City Engineer Wants to Add Three Feet to Flood LeveesThe Grand Forks City Engineer is worried the 60-foot levees on Belmont Road might not be effective this spring.
The Grand Forks City Engineer is worried the 60-foot levees on Belmont Road might not be effective this spring.
Getting closer to flood season, the city is starting to prepare for what could be 60 feet of water.
The levees are obviously pretty tall, but maybe not tall enough.
"We have a two-percent chance of going higher than our levees," said Al Grasser.
An outlook from the National Weather Service is predicting these high waters this spring. Grasser said the solution to this problem is a four letter word.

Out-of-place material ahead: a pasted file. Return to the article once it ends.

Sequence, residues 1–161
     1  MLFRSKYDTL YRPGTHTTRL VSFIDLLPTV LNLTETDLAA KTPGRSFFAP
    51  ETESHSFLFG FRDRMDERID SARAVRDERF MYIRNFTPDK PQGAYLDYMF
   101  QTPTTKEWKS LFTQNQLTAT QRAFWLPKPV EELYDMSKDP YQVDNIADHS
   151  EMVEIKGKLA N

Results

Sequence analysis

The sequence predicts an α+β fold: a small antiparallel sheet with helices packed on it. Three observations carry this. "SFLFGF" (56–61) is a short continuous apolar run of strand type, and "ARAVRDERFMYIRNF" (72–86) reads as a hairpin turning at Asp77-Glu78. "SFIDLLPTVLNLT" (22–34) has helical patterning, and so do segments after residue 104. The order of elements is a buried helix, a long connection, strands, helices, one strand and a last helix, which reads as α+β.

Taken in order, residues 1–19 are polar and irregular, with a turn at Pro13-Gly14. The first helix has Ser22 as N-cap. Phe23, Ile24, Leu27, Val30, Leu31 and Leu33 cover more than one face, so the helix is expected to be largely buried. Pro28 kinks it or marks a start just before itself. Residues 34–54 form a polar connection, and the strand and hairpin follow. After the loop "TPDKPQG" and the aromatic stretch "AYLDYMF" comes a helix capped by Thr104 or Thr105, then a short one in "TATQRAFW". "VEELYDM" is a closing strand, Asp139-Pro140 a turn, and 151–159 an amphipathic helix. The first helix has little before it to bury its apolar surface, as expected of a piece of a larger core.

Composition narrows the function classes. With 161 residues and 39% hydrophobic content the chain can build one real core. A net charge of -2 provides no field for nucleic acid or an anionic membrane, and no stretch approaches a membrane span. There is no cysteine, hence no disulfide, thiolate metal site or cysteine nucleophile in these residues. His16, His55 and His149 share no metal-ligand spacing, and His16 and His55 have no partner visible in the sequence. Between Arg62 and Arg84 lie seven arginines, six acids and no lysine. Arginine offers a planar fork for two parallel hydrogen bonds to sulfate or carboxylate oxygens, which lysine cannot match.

"We want to use clay. We're basically just adding to the top of the levees so we can extend the height," said Grasser.
Adding three extra feet could begin in the Lincoln Park area, which Grasser said is the most vulnerable. As the winter months escape us, he said the spring thaw will bring warmer weather and bigger problems.
"Once the ground starts to get soft, you really can't get on top of those with any type of equipment," Grasser said.
Getting started in March while the ground is still frosty is a big priority this year. The city has started taking bids from contracting companies to help with spring flood relief. One bid, $235,000 comes from Gowan Construction in Oslo, MN.
"The lowest bidder this year, we've worked with them at least the last two years. We're confident they can do a good job for us," said Mark Walker, Assistant City Engineer.
If severe flooding does not happen, the city has a way out of the contract. Having everything lined up months in advance is just good planning.
"That's part of the unknown. You don't really know what you're facing until you're in the midst of it," said Grasser.